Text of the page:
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October 26, 2020 - 10:52pm

State grants earmarked for Ellicott Station enhancements give Council members a ray of optimism

Batavia City Council members are so hungry for news that the Ellicott Station project is moving forward that even budget amendments pertaining to a couple of grants approved two and three years ago are cause for celebration.

At tonight’s Conference Meeting at the City Centre Council Board Room, Interim City Manager Rachael Tabelski introduced a draft resolution amending the budget to reflect a National Grid Urban Corridor grant of $250,000 on behalf of Savarino Companies LLC of Buffalo. That's the developer of the $22.5 million mixed-use brownfield project on the site of the former Soccio & Della Penna construction company and Santy’s Tire Sales on Ellicott Street.

Ellicott Station is one of several city ventures that have been awarded funds from the state’s $10 million Downtown Revitalization Initiative program. Plans for the project were first announced more than four years ago.

Tabelski said the National Grid grant that was approved in 2018 along with a Restore New York grant for $500,000 approved in 2017 are “pass through” items that the City facilitates for the developer.

She said it was an oversight that the grants previously weren’t put into a resolution form and given expenditure and revenue account designations, and “will not affect our bottom line in any way.”

“The Ellicott Station project, which everyone has heard about for many years, was awarded two grants back in 2017 and 2018 – one from Empire State Development called the Restore New York grant and that is a $500,000 grant to rehab the old electric building that’s on that site,” she said following the meeting. “That will be rehabilitated to house a microbrewery business, and the city has had success with Restore New York grants in the past. That will come to Council at the next Conference meeting next month.”

She said tonight’s National Grid resolution recognizes the city as the applicant “but the work will be done by Savarino Companies.”

“The grant is for $250,000 to enhance the Ellicott Trail on the property area right behind the Savarino campus,” she said. “The trail will be enhanced with lighting, benches, (and) there will be parking areas there as well for people to utilize the trail starting in that area. The hope is that they will also use the restaurant and brewhouse that will be on that site.”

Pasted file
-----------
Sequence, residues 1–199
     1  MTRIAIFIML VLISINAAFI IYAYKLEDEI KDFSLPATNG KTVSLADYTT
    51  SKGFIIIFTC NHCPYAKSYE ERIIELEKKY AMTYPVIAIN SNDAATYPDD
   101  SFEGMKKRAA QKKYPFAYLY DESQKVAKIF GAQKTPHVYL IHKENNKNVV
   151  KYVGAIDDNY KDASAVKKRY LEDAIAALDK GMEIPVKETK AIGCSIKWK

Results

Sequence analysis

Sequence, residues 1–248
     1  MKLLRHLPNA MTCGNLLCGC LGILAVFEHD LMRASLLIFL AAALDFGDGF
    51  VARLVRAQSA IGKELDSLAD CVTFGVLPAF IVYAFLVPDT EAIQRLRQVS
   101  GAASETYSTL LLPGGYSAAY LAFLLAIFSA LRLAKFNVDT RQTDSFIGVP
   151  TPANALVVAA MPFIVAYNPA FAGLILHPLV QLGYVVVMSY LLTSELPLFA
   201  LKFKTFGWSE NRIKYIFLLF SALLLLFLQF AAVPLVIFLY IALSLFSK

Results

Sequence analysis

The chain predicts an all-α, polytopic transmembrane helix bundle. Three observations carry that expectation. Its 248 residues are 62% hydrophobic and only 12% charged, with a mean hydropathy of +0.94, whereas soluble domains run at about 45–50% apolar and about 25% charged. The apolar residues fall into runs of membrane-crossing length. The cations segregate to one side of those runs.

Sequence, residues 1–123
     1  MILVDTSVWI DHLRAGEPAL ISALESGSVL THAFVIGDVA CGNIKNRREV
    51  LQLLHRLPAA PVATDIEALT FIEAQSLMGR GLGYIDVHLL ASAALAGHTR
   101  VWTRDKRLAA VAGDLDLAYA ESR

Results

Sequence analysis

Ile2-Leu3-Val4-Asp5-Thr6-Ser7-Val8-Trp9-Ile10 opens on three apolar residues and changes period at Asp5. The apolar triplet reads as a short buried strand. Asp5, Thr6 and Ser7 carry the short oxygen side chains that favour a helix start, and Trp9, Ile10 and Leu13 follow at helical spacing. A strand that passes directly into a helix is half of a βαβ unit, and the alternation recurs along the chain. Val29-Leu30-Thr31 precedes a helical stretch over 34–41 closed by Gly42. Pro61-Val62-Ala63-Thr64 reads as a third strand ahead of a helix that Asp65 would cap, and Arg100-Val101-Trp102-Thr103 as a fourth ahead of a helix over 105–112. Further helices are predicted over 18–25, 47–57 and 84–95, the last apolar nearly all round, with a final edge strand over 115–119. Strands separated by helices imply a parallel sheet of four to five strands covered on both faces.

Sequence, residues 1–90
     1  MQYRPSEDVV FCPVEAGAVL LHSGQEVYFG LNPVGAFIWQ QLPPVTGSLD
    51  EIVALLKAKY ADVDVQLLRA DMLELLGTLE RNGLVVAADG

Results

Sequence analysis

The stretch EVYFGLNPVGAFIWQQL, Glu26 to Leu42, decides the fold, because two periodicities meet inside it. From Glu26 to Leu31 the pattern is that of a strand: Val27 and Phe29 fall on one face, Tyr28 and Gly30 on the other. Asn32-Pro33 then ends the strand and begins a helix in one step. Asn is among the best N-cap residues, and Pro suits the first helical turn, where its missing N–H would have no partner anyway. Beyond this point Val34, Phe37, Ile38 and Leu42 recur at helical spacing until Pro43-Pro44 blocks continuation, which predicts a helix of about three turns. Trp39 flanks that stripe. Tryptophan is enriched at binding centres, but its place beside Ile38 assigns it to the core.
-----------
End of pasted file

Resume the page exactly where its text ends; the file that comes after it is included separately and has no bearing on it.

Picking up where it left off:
Tabelski said the grant funds won’t be turned over to Savarino Companies until the specific projects are completed.

Council Member Rose Mary Christian expressed that her patience (and apparently that of her colleagues) has been wearing a bit thin, waiting for some activity on the large parcel that is plagued by unsightly buildings with broken windows.

“We’re still up in the air (on this),” Christian said. “I just want to be sure it’s going to go through.”

Tabelski said that Samuel Savarino, the company’s chief executive officer, is looking to close on the entire project in November and December and will be required to have all of his ducks in a row at the closing.

On Sept. 16, The Batavian broke the story that Savarino Companies received nearly $5.7 million in low-income housing tax credits from New York State Homes and Community Renewal.

Savarino called the HCR award “a critical component, which all the other commitments of the project which are in place have been waiting for.”

He said he hoped to start construction “anywhere between the fourth quarter of this year and the first quarter of next year.”

Savarino’s plan is to construct a five-story apartment building with 55 new, modern workforce housing units, as well as a brewery, restaurant/beer garden and potential further development on 3.31 acres. It is expected to create 20 jobs in the city’s downtown area.

Cost Adjustment Necessary

Council also moved to its Nov. 9 Business Meeting a resolution approving a contract increase of $26,013 for the creation of Ellicott Trail, a 9.7-mile bike and walking route that snakes through the city and down from Williams Park to Seven Springs Road.

The $1.7 million project was mostly paid by state Department of Transportation funds, with the City of Batavia and Town of Batavia sharing about 10 percent of the cost.

A complete analysis of the final expense indicate that the city owes $196,763 -- $26,013 more than the budgeted amount. The resolution authorizes the city to use some of its Consolidated Local Street and Highway Improvement Program funding to make up the difference.

Public Works Director Matt Worth said the city has a large enough CHIPs balance to absorb the additional cost without affecting future scheduled projects. He also said that maintenance of the trail should be minimal – mostly labor to periodically regroom the trail (adding stone dust when necessary).

Council Member John Canale commented that Ellicott Trail is becoming “the gem of the community,” adding that its popularity has proved the “naysayers” wrong.

Other Items Move Forward

The board also advanced resolutions pertaining to the Jackson Square DRI project, Carolwood Drive Extension, natural gas commodity contract, amending the municipal code to include public garages in I-1 (Industrial) zones with a special use permit, acceptance of a STOP-DWI “crackdown” award and Rotary Club grant for kayaking activities at DeWitt Recreation Area on Cedar Street.

Watch for details on those projects on Tuesday on The Batavian.

Previous story: City Council set to receive update on Jackson Square project consultant selection process

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